Train like a Skier!

By Active Alyssa Dec 2, 2016
Mix up your moves with these Ski Specific exercises, directed to increase your performance and on the slopes! The University of Utah put together a training pamphlet as a guide to improve your strength and agility for skiing. The moves are demonstrated here to show proper form for you to practice on your own.
Train like a Skier!

I'm back with another #FitnessFriday inspiration focused on ski/snowboard specific exercises. The mountains in Utah have been layering up with fresh snow, and I bet you're getting antsy to layer up and head out to ski! The resorts are opening, so it is crunch time for your ski conditioning! And if you're reading this during the spring and summer months, remember that it is important to keep up your ski fitness all year long. Exercises that involve core strength, balance, and leg power are going to get you ready to take on the powder! Improve your skiing and decrease your risk of injury with the following moves. Complete 10 minutes of cardio to warm up before you begin.  

For this #FitnessFriday I want to bring to life this cool training cheat sheet the University of Utah Health Care put together. 

The moves are demonstrated here to show proper form for you to practice on your own.  

Chair Squat -  Stand in front of a chair with your feet hips width apart. Keep your weight back in your heels and your head up as you slowly squat down until you lightly touch the chair, then engage your glutes and quads even more as you slowly stand back up. The key is to not actually sit in the chair, but to have the chair there as a marker of how deep to squat. Complete 2 sets of 12. As your strength increases, try single leg chair squats. Squat down to touch lower objects, like a BOSU or step stool if you have the mobility.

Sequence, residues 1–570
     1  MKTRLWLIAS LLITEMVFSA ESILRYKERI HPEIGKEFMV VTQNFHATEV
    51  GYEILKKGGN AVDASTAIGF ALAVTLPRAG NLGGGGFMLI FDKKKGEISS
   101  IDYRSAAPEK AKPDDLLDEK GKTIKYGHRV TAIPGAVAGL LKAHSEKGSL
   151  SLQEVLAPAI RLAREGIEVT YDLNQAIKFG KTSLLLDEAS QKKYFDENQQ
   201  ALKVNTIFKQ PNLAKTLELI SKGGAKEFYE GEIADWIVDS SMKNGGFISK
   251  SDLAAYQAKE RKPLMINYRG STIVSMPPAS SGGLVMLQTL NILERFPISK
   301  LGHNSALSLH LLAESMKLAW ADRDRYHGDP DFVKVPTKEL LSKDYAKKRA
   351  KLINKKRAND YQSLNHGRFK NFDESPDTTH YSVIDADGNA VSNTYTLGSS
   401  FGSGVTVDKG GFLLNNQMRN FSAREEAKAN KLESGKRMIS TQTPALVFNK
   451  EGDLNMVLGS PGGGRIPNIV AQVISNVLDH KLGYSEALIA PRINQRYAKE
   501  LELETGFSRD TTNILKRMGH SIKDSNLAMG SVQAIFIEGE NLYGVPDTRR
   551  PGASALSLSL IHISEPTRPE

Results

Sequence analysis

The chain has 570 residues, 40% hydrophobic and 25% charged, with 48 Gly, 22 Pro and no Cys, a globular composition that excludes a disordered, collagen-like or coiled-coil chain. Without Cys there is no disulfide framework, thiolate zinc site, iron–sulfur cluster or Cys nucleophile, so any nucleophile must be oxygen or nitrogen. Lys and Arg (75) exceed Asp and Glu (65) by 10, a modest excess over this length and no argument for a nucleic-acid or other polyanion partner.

Single Leg Dead Lift - Keeping your core tight and standing leg slightly bent, hinge forward with a neutral spine as you lift your floating leg. Level off your body as you reach for the ground with your hands. Fixing your eyes on a stationary object or spot on the floor will help you stay balanced on one leg. With the hamstrings and glutes of your standing leg engaged, slowly lift upright to standing with a strong and flat back. Complete 15 repetitions on each leg. As you get stronger and more stable, you can do single leg dead lifts with weights in your hands.   

Box Jumps - Stand in front of a sturdy box, aerobic stepper, or platform with grips. Keeping your eyes on your target, squat down, then power jump up onto the center of the box. Landing with both feet flat on the box, squat into your heels, then jump back down. Complete 30 box jumps at your own pace. Start with a low box and work your way higher as you gain more power.  

Plank - Strong core and back muscles are extremely important for skiing and everything else we do in life. They hold our bodies upright while protecting our spine and surrounding organs on every impact. Plank variations can be done anywhere and are great for building and maintaining your core/back strength. Lay on your stomach, place your hands near your armpits with your shoulders away from your ears, tuck your toes into the ground, then lift your hips up to create one straight line from your ankles to your head. Draw your belly button into your spine as you contract your shoulder blades into your torso. Distribute your weight evenly between flat hands and tucked toes. Hold this plank for 1 minute while you keep your back flat and core tight. For a modified version, come down to your knees, but always keep your spine in neutral as you hold. After you have mastered the plank, increase you holding time, do leg lifts while in plank, or hip dips in side plank to really fire up your core! 


Stairs: Wherever you are, whenever you get the chance, TAKE THE STAIRS! Elevators are meant for disabled people and for transporting heavy loads. The more you take the stairs, the stronger you will get! Find a flight of stairs and complete 5 flights. Mix it up by doing side steps, skipping steps, and jumping for at least 3 minutes. Hold on to the railing if you need stability.  

Our bodies are made to move! Focus on form first, and go slow to start so you stay safe during all exercises. Hope to see you on the slopes soon! 

~XOXO, Bring on the SNOW!